Regulations for cyclists, PMD users ‘strictly enforced’ via patrols at hot spots

Media Replies 04 Apr 2019 Personal Mobility Devices (PMDs)

We thank Mr Chee Kok Leong for his letter (‘Pedestrians’ safety first when building a ‘cycling paradise’’, 28 March).

Safety is an important consideration in our drive to encourage active mobility in Singapore. Where feasible, infrastructure has been widened and upgraded and measures put in place to regulate and encourage responsible riding.

For example, cyclists and PMD users are required to observe the lowered speed limit of 10km/hour on footpaths. It is also mandatory for cyclists and PMD users to stop and look out for oncoming traffic at road crossings.

Such regulations are strictly enforced by officers patrolling hotspot locations, equipped with speed guns. From May 2018 to February 2019, our officers recorded more than 3,000 active mobility offences related to areas such as speeding, reckless riding and the use of non-complaint devices. Punishment for reckless riding can include jail terms.

We also introduced the mandatory registration of e-scooters and power-assisted bicycles to facilitate the identification of errant riders.  From 1 July 2019, it will be an offence to ride unregistered e-scooters on public paths. Members of public can also report errant riding through LTA’s online feedback form at LTA will take such feedback into account in enforcement deployments.

We agree with Mr Chee that a culture of safe and responsible riding is key.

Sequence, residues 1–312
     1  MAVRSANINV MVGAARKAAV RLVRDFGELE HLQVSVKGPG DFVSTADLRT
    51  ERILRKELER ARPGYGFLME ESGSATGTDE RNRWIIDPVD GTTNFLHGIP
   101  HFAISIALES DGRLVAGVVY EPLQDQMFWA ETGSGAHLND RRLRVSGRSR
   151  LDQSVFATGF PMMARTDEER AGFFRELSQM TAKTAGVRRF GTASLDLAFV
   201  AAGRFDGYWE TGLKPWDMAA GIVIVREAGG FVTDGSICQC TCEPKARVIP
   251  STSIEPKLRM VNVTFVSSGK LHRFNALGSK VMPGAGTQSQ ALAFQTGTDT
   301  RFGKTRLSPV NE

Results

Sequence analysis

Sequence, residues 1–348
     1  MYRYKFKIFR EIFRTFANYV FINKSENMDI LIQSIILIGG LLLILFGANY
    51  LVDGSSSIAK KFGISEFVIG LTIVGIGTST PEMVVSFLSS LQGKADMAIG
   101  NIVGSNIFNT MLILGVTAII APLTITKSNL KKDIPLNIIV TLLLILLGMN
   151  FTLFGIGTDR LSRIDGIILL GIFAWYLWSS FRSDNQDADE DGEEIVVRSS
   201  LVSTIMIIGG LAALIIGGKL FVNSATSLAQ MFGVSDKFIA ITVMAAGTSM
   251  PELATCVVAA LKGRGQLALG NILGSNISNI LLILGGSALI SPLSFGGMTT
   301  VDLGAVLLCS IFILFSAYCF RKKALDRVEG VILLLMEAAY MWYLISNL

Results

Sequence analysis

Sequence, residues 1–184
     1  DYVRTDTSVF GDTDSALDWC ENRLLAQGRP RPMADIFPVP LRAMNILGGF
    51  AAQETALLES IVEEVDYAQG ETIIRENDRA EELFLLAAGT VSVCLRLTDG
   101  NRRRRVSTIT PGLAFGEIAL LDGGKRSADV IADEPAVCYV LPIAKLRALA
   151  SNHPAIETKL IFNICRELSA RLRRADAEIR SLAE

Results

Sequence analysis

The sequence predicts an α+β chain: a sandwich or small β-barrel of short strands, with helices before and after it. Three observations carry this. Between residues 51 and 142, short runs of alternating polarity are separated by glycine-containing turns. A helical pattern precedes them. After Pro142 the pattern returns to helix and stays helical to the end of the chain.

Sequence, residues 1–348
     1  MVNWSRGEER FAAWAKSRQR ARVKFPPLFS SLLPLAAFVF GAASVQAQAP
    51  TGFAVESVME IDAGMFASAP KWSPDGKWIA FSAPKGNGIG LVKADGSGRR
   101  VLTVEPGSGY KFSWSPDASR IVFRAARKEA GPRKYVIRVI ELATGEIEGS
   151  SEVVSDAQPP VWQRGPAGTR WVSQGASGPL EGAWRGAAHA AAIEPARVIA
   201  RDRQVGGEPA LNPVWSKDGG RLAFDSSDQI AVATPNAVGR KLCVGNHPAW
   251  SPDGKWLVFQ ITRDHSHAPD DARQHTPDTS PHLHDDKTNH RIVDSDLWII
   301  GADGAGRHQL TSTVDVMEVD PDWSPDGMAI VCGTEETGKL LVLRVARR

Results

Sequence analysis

There is extensive publicity, education and community partnerships aimed at cultivating a culture of safety and civic-mindedness. More than 39,000 individuals, including students, food delivery riders, foreign workers and members of public, have already taken part in the Safe Riding Programme to learn how to ride safely and be reminded of the messages Mr Chee mentioned. We will continue to offer this programme free of charge until December 2019 to encourage more participants. LTA has also launched many other nation-wide campaigns such as the Active Mobility Act Campaign and Safer Together Campaign to remind all path users, including pedestrians, to be gracious and to take safety seriously.

We would like to reassure Mr Chee that safety will remain our top priority as we encourage active mobility as a choice of commute in Singapore.


Kenneth Wong 
Director, Active Mobility 
Land Transport Authority

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